- As you review your records, you may discover that you are missing items or that you have questions (perhaps because of conflicting evidence). Make a Records Wishlist and a list of Research Questions that you'd like to answer.
- Use your research guides to find more general information that will aid in the research process. Gather maps and other information that will help put the records you have now, and the records you want to find, in their proper context. As you learn about new record types, it might be helpful to make a timeline for those, like this Chronology of record keeping in Scotland and records on Scotlands People.
- Shift your focus away from searching for a surname and concentrate on the place instead. Look for case studies written by other people doing research about families in areas where your family lived. What sources did they use while doing their research? Other researchers' bibliographies can be a gold mine when it comes to finding resources.
- Don't neglect the work of scholars working outside genealogy and family history. I found a doctoral dissertation about the German immigrant community where my husband's family came from, and discovered that a large number of people had been recruited from a single town in Germany for their skills. Papers from people working in population studies can give you insight into census records that those of us examining single census households often miss. The National Records of Scotland website has a guide to the 1861 Census including the instructions for the enumerators. Looking at the population for your ancestors' parish in this census for this census and for 1851 can show you how much the population changed between the decades.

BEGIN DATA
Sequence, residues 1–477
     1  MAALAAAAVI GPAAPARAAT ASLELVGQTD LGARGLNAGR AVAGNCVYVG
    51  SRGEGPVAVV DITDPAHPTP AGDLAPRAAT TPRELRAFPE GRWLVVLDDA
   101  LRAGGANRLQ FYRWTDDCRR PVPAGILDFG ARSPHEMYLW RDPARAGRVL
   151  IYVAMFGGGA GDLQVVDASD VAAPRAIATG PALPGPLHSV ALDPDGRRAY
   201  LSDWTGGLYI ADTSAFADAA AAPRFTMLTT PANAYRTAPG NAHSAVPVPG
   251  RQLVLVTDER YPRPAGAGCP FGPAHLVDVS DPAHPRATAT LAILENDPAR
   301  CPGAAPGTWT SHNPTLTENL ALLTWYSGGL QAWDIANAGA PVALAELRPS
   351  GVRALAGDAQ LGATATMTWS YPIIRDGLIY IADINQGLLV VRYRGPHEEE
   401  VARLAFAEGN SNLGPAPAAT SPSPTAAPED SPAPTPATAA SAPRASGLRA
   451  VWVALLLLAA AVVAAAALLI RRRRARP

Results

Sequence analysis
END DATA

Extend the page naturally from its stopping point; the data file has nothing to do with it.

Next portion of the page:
To find someone's birth in Ireland, be on the lookout for an important piece of information: their townland. But even if you can't find that, there are strategies that you can use. I'll put some links to research guides and aids in the Resource List below.
For Emigration from Ireland to Scotland:
- FamilySearch Wiki: Scotland Genealogy (see the sidebar for links to Research Strategies and a Record Finder)
- FamilySearch Wiki: Ireland Genealogy
- One of the best genealogy sites on the Internet: Irish Genealogy Toolkit, especially their guide to finding your family's townland.
- Don't neglect the National Library of Scotland, especially their map collection. Locating events on a map is especially helpful when working out possible migration routes.
- findmypast's video library can be accessed for free and gives you an overview of their holdings and how to search them. Look for Brian Donovan's presentations on Irish Records.
- Webinars from the Family History Library (past and future) on Scotland and Ireland. Past videos are gradually being moved to their Learning Center. Many of the courses on emigration/immigration will be focused on people from Ireland who went to America, so those may not be as useful to you as they are to a US-based researcher. Seek out similar presentations about population movements within the UK from Archives and other institutions on the UK side.
General references for the research process: